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A Social Network Analysis of the American Federal Judiciary
Daniel Martin Katz, Derek K. Stafford
Project Description:
Scholars have long asserted that social structure is an important feature of a variety of societal institutions. As part of a larger effort to develop a fully integrated model of judicial decision making, the authors argue that social structure, operationalized as the professional and social connections between judicial actors, partially directs outcomes in the hierarchical federal judiciary.

Since different social structures impose dissimilar consequences upon outputs, the precursor to evaluating the doctrinal consequences that a given social structure imposes is a descriptive effort to characterize its nature. Given the difficulty associated with obtaining appropriate data for federal judges, it is necessary to rely upon a proxy measure to paint a picture of the social landscape. In the aggregate, the authors believe the flow of law clerks reflects a proxy for social and professional linkages between jurists. Having collected available information for all federal judicial law clerks employed by an Article III judge during the natural Rehnquist Court (1995-2004), the authors used these nearly 20,000 clerk events to craft a series of network based visualizations.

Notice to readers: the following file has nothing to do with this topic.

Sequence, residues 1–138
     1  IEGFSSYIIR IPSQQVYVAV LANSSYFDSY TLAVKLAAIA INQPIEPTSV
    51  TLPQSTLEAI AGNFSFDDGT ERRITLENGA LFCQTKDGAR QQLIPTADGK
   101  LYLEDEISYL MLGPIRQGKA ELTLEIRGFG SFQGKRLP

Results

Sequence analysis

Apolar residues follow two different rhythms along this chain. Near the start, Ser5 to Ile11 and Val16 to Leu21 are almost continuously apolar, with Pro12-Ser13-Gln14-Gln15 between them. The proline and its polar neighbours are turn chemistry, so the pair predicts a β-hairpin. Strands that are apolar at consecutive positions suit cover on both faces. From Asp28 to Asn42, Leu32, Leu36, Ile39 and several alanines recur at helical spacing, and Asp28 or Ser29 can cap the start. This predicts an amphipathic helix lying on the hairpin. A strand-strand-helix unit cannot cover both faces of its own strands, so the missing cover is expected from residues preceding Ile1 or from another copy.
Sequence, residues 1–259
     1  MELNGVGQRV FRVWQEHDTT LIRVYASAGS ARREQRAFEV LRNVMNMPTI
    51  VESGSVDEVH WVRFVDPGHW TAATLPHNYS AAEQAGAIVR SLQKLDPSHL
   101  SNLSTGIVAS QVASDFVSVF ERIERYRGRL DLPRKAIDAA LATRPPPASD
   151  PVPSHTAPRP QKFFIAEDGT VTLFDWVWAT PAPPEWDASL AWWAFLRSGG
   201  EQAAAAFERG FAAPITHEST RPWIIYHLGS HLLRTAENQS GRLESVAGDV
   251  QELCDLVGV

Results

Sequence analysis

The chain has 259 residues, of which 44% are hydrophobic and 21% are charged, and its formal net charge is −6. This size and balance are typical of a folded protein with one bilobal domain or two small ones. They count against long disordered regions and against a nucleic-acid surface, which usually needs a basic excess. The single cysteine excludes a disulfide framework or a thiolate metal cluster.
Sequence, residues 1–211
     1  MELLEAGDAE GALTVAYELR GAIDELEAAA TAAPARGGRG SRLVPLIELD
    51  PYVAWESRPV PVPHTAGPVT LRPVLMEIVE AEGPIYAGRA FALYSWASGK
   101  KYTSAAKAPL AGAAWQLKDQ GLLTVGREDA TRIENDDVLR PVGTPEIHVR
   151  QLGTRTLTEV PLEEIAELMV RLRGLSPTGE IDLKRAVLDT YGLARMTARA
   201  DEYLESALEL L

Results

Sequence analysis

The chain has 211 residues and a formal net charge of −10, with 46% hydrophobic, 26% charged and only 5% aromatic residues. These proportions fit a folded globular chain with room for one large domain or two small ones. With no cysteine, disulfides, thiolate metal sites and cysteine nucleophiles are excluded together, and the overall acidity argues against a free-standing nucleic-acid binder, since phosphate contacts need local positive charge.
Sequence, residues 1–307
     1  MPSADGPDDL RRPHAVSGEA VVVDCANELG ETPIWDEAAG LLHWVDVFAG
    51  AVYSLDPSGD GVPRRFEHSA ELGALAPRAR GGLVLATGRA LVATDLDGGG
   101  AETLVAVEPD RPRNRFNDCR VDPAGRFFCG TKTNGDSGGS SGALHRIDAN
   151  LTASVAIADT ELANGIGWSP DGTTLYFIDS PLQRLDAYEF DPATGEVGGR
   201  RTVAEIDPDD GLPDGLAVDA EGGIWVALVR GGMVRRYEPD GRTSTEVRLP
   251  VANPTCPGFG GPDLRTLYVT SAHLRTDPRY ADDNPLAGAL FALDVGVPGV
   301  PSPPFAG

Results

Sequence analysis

Using network analysis, these visualizations and subsequent analytics provide insight into the path of peer effects in the federal judiciary. For example, the authors found the distribution of degrees is consistent with the power law distribution implying the social structure is dictated by a small number of socially prominent actors. Drawing from the complex systems literature, these findings suggest federal judicial actors self-organize at positions of criticality, possibly through Yule's Law. In sum, if social structure matters then these results have significant implications for doctrinal phase transition and the evolution of the law.

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